Starting Fresh with Personal Finances in the New Year

New Year equals new personal goals. Closing out 2022 in a challenging economic environment affected by housing market slumps, an erratic stock market, and inflation makes it more important than ever to get personal finances in order this new year – especially after the additional expenses that hit our bank accounts during the holiday season.

“Feeling a sense of control over your finances is key to building wealth, but it’s also critical for mental and physical health, as 65 percent of people report money is a significant source of their stress,” said Cathy Cooper, WaFd Bank executive vice president and chief consumer banker. “That is why it’s so important to have access to simple advice and easy tools to tackle your personal finances head on – and the new year is the perfect time to start new money habits.”

Does the financial plan of a 20-year-old look different than a 50-year-old?

Of course, young people often have less discretionary income with a focus on building long-term savings like a down payment on a house, whereas someone in their 50s needs to be focused on setting aside sufficient money for retirement. The most important thing is to start now. Developing strong budgeting, saving and strategic debt management from a young age will instill habits that are carried throughout life. Some additional differences in the finances of these two age groups will be credit history and the types of loans or debt each person takes on. Everyone’s finances look different, and it is important to stay on track. One step to take at any age is to open either a free or affordable checking account, allowing for a place to track and manage day-to-day finances, set up automatic transfers to ensure bills are paid on time, and so much more.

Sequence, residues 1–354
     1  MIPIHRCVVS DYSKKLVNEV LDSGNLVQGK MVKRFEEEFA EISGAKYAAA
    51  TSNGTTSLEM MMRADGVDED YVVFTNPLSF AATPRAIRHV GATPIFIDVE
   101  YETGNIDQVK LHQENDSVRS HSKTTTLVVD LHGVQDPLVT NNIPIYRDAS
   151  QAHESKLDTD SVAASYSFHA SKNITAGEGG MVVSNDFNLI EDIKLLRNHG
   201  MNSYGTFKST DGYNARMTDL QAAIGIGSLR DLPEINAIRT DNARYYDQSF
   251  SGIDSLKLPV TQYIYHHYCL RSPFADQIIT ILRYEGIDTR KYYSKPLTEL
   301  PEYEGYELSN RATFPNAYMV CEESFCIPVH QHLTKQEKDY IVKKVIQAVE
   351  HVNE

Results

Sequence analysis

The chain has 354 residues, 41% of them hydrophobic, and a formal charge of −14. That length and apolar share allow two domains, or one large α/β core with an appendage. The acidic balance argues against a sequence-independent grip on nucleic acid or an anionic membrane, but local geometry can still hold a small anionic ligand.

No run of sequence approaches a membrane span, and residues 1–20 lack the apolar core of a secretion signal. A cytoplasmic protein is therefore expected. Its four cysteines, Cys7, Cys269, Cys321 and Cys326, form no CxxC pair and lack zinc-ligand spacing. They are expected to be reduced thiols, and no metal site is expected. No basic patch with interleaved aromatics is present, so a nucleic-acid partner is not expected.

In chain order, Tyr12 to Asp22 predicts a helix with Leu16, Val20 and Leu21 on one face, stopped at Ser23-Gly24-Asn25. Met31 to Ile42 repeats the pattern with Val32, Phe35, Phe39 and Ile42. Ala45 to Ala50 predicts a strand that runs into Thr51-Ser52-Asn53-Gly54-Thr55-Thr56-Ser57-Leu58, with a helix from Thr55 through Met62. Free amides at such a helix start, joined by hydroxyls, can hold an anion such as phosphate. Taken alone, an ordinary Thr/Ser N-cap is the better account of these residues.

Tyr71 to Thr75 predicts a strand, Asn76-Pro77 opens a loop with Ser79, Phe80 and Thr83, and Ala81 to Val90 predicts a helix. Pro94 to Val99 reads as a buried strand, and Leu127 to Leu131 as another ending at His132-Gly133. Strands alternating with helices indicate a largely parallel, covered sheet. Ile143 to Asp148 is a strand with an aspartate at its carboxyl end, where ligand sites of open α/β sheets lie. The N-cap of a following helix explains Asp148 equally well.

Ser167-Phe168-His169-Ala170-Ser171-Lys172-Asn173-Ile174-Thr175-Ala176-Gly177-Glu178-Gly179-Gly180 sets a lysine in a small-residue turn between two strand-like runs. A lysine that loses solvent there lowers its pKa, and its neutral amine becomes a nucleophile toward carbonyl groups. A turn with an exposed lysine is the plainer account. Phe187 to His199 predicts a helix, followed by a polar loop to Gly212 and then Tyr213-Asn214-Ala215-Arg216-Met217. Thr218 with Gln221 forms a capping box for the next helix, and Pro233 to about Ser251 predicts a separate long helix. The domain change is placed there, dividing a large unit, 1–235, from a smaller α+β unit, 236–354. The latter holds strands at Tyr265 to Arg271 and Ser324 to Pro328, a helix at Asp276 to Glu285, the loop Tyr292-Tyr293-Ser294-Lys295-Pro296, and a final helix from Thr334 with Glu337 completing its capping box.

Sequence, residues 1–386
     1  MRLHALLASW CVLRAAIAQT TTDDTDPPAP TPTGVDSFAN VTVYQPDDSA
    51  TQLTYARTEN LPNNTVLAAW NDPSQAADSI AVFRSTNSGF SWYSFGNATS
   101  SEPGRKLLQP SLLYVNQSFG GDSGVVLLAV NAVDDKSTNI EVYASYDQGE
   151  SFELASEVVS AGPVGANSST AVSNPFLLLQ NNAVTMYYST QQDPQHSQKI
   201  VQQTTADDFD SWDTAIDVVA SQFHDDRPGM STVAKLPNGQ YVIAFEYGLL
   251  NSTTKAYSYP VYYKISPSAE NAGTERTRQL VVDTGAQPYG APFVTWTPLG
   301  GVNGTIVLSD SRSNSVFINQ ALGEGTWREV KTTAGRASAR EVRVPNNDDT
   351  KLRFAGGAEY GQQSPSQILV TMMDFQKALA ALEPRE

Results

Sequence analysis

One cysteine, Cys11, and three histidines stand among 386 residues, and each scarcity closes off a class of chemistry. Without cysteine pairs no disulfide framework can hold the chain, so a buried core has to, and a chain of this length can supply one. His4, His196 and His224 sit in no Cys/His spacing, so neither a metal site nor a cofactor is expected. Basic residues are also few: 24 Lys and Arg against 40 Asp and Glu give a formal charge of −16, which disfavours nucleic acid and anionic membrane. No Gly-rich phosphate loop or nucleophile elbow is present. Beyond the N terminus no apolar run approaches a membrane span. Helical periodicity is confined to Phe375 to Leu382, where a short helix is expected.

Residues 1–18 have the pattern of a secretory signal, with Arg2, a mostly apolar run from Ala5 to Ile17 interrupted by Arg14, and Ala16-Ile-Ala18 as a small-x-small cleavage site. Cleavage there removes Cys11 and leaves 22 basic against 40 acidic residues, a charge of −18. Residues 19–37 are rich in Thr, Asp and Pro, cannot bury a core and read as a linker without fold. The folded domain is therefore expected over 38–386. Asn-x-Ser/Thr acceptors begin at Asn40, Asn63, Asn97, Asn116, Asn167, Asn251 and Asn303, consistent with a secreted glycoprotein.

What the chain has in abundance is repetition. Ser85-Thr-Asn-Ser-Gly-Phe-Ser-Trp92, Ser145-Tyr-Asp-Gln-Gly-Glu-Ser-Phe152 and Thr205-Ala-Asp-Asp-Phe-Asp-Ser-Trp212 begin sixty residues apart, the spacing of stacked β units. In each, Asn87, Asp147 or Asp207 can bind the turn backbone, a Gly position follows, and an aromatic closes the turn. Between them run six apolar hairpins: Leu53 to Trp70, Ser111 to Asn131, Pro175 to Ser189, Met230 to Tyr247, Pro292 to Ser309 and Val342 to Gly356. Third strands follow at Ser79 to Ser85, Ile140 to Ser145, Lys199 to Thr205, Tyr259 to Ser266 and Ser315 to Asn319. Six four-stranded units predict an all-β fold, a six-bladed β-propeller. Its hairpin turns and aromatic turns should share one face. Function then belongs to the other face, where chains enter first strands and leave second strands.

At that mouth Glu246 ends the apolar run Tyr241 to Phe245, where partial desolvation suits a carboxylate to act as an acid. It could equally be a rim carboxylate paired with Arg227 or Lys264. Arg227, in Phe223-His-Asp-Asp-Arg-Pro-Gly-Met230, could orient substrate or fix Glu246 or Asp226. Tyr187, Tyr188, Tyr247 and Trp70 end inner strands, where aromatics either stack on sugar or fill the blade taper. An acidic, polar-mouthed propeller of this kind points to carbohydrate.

Is it important to create a financial plan that looks several months or even years out?

Yes. A plan with a longer time horizon allows people to have more visibility into their near- and long-term financial health.  Save early and often to take advantage of “the magic of compounding,” and being organized helps reduce stress about money.

What are some key tips for improving financial wellbeing and recession-proofing bank accounts in 2023?